• Interesting column, Kristin. I had a conversation with my mother after breaking up with the lunkhead I dated for much of my 20s in which she encouraged me to just go out and get pregnant so that I wouldn’t miss out on being a mom. (It was unclear as to whether she thought I should visit a sperm bank or just my local college’s PhD program looking for handsome stragglers to seduce.) I was shocked she’d even suggest it since she is Catholic and she was a single mom by divorce for much of my early childhood. She claimed that while being a single parent was difficult, it would have been far more awful not to have children. (Granted this conversation was 25 years past her own experience being a single mom so rose-tinted glasses and all that…) Luckily for me, it didn’t come down to that choice since I met my husband shortly afterwards but it did make me wonder. I think that there are women out there who could pull it off successfully but they’d better have a hell of a support system in place, and be willing to ask them for a lot of help. Also, I think it would be ideal for someone in that support system to be male because I know for sure my son gets a different energy from my husband that he seems to crave at times. You are lucky, for instance, that Nolan has his uncle nearby and available to him. I’m not sure that it’s possible to separate the daily drudgery of motherhood which has brought us all to tears from the unique joy of loving a particular child. And that is probably one reason why the species survives to this day…

    Carrie  |  September 22nd, 2008 at 10:42 am

  • I completely agree. I love my kids with all I have but I couldn’t parent the way I want on my own. I completely respect the choice to be a single mom. That said, there are days when I feel like I’m barely hanging on and I have one of the most wonderful, involved, loving husbands ever. Just like you said - one aspect is the work, needing support on a rough day (week/year) and also wanting another parent, another role model involved, to balance things. Having children has been amazing, an experience I wouldn’t trade for anything, but knowing what I know now, I would not have chosen to do it alone.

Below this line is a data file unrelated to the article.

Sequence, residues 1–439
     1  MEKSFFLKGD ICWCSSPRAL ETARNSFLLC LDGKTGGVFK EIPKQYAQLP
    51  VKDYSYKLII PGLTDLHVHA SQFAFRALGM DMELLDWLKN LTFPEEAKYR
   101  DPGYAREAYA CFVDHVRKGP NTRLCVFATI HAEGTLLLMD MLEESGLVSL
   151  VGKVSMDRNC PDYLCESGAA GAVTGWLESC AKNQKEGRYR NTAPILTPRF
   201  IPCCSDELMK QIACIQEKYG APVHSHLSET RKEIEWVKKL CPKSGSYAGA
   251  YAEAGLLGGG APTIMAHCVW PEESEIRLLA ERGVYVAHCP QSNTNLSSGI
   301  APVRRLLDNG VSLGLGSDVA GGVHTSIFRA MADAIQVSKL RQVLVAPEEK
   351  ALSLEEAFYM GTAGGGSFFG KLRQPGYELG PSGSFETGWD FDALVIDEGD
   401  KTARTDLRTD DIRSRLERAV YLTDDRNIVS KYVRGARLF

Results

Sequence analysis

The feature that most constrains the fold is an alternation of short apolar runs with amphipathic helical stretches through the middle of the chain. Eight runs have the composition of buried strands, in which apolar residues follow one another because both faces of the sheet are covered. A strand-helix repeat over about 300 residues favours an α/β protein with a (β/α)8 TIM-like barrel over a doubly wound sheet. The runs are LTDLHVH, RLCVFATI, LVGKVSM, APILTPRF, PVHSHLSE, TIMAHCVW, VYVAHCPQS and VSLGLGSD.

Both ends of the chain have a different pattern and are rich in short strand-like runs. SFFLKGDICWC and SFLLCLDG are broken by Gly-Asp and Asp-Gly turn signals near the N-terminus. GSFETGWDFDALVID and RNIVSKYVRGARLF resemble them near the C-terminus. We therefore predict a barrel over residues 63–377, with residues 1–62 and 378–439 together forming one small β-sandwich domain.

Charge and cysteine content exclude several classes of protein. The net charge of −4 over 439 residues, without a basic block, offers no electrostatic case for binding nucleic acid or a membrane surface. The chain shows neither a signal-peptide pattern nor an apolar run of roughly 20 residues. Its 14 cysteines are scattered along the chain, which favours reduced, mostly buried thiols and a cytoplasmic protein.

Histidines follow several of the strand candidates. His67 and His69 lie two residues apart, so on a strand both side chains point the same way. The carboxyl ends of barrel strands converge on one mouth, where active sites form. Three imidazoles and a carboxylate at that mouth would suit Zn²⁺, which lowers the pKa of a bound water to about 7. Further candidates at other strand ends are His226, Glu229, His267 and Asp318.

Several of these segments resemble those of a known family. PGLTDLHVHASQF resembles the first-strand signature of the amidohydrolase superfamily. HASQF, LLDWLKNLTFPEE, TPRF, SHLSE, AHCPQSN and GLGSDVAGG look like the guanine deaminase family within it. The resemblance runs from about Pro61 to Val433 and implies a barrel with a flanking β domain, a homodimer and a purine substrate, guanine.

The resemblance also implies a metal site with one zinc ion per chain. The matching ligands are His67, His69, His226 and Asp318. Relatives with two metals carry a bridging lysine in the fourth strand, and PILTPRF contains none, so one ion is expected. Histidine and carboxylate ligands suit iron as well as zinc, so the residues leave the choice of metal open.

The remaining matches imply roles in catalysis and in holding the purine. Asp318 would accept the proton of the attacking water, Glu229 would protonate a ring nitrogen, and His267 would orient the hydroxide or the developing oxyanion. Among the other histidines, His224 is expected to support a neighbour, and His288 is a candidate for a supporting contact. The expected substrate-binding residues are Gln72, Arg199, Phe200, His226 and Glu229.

Anna  |  September 22nd, 2008 at 11:12 am

  • I volunteer as a Big Sister, and this topic actually came up recently at a meeting I went to. I was surprised to learn that so many of our Big Brothers are matched with kids whose mothers had children on their own (by choice). These kids are wonderful and well adjusted and thriving!

    Hilary  |  September 22nd, 2008 at 11:17 am

  • There was a time when I considered this option thinking that if I didn’t meet anyone I really liked enough to marry by the time I was 30 I would have a child on my own. Well, I did meet someone and now my daughter is 5 months old and as pp Trish said this is the hardest job I have ever had. I barely feel like I am getting by most days with a husband who comes home and gives me a shoulder to sob on. So as so many have said, knowing what I know now - definitely not.

    And Carrie - I had the exact same conversation with my Mum after breaking up with “asshole” (as my Father affectionately called him). Her idea was that I should go to Ireland and just seduce some handsome bloke there (yes, she is Catholic too).

    melanie  |  September 22nd, 2008 at 11:28 am

  • Any adult male or female that chooses to tackle parenting solo, has my deepest respect.

    When I met my current husband he was a single parent to three little ones, and I was a single mom to my three kids. I had been a solo parent for two years at that point, and it was very challenging ( and my kids were pretty easy going!).

    My three older kids are adults now. I cannot even imagine how I would have survived the teen years, without a second parent in the house, to back me up.

    The second parent makes a world of difference.

    Add in the difficulties of co-parenting with an ex that doesn’t share your parenting style and/or values, and it gets really bumpy during the teen years.

    Hats off to anyone that can manage parenting a kid or two or more solo.

    Honestly, I couldn’t do it.

    MommytoMany  |  September 22nd, 2008 at 11:28 am

  • My clock just started protesting, loudly, in perfect sync with meeting the man I want to spend the rest of my life with. I didn’t know I wanted kids until I met him, but I also wonder if the biological imperative to pro-create coincidentally started when I met him. If I was alone, would I have still started to have the baby fever? I don’t think I’ll ever know, but I do know that once you have the voice in your head telling you to have a baby, it’s hard to shut off. I can’t imagine doing it alone, but I can totally understand why some women choose to do so.